Whether your feline friend is an indoor cat or outdoor adventurer there is a myriad of ways that your cat could injure a leg or paw and wind up limping. But injuries aren't the only reason for cat limping. Here, our Corpus Christi vets share a few common reasons for limping in cats and what you should do.
My Cat is Limping
Unfortunately, our pets are unable to communicate how they are feeling or what hurts them, making determining why your cat is limping difficult. Cats can limp for a variety of reasons, including getting something stuck in their paw, a sprain, a break, or even an ingrown claw if they are limping from their back leg.
Remember that if your cat is limping, it means they are in pain, even if they don't appear to be (cats are good at hiding pain).
If your cat has a limp, you should take them to the vet as soon as possible to avoid infection and to prevent their condition from worsening. Although the cause of your cats limp may be difficult to determine, treatment may be as simple as trimming their claws or removing a thorn.
However, if you're a pet parent, it's a good idea to keep an eye on your animal's health regularly, and one way to do so is to watch how they walk. Keep an eye out for signs of swelling, redness, or open wounds. If you see any of these, contact a veterinarian right away.
Reasons Why Your Cat May Be Limping
Below we have listed a few common reasons why your cat might be limping:
- Something stuck in their paw
- Sprained or broken leg caused by trauma (being hit, falling, or landing wrong)
- Walking across a hot surface (stove, hot gravel, or pavement)
- Ingrown nail/ claw
- Being bitten by a bug or other animal
- Infected or torn nail
What To Do About a Limping Cat
If your cat is limping, remain calm and relaxed while examining its leg. Run your fingers down the side, feeling for any sensitive areas and looking for open wounds, swelling, redness, or dangling limbs in extreme cases. Begin at the paw of your cat and work your way up.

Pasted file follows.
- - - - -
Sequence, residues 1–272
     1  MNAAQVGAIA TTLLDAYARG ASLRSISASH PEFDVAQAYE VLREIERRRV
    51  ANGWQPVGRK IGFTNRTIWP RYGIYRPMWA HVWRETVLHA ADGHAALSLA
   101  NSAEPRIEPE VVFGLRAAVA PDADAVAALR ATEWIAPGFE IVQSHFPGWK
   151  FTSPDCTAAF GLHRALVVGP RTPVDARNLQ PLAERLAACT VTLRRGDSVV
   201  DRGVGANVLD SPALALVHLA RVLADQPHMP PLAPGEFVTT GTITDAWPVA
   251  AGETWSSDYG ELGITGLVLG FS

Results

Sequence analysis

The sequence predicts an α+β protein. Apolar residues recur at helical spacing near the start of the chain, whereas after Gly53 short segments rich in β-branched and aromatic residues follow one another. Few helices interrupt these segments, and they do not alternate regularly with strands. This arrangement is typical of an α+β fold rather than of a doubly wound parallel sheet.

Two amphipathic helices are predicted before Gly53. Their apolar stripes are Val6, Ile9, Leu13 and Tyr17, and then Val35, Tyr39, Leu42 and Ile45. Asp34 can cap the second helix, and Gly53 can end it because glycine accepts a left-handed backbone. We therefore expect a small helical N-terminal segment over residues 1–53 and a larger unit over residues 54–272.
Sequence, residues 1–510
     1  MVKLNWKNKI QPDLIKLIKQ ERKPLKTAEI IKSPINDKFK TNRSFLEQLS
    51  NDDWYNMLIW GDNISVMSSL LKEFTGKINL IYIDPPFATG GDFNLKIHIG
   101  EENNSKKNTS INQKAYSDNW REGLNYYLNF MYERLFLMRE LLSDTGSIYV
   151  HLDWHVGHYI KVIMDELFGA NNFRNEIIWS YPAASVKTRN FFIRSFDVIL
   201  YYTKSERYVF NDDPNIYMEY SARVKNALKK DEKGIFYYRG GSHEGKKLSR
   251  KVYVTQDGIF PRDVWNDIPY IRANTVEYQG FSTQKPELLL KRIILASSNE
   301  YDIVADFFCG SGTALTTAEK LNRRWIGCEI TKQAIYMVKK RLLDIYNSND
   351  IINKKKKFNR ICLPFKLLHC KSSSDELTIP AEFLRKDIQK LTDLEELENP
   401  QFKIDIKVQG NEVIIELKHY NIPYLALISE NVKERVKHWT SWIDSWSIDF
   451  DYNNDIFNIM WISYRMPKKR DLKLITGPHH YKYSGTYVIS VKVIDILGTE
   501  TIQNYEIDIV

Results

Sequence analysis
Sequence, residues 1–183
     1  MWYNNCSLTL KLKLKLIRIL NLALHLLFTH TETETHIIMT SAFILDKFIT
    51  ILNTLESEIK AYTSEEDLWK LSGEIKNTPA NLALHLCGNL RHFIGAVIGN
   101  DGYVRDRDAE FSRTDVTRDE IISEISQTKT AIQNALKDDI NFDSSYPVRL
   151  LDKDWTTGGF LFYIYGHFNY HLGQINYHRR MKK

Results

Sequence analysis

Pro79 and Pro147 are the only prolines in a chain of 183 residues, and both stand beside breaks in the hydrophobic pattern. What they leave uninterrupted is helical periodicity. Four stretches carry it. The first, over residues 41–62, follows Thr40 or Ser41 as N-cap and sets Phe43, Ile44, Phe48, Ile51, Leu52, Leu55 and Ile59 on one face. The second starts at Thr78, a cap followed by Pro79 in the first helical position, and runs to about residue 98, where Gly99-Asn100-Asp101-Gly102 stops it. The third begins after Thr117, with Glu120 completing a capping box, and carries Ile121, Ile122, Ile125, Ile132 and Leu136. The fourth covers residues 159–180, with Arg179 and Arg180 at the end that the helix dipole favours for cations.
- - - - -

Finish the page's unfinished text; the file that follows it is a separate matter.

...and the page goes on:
If the object is a thorn, gently pull it out with tweezers and clean the area with soap and water. Keep an eye on the area as the puncture wound heals to make sure an infection doesn't set in. If your cat's nails are overgrown, simply trim them as needed (or have it done by your vet).
Make an appointment with your veterinarian if you are unable to determine the cause of the limp and your beloved kitty is still limping after 24 hours.
Because the symptoms of a broken leg can be similar to those of other injuries or sprains (swelling, a limp, leg held in an unusual position, lack of appetite), it's always best to consult your veterinarian.
While you wait for your veterinary appointment, you must restrict your cat's movements to prevent further injury or worsening of the situation. Keep them in a room with low surfaces or in their carrier to accomplish this. Make sure they're comfortable by giving them a cozy bed or kitty bed to sleep in and keeping them warm with their favorite blankets. Continue to keep an eye on them.
When You Should Take Your Cat to The Vet
Taking your cat to the vet for limping is always a good idea to avoid infection or get a proper diagnosis. Make an appointment with your veterinarian if any of the following situations apply to your cat:
- You can't identify the cause
- They have been limping for more than 24 hours
- There is swelling
- An open wound
- The limb is dangling in an odd position
If there is a visible cause, such as bleeding, swelling, or the limb is hanging unusually, contact your veterinarian right away to avoid infection or a worsening condition. If you are unsure how to handle the situation, you should contact your veterinarian. Your veterinarian will be able to advise you on the next steps to take.
Note: The advice provided in this post is intended for informational purposes and does not constitute medical advice regarding pets. For an accurate diagnosis of your pet's condition, please make an appointment with your vet.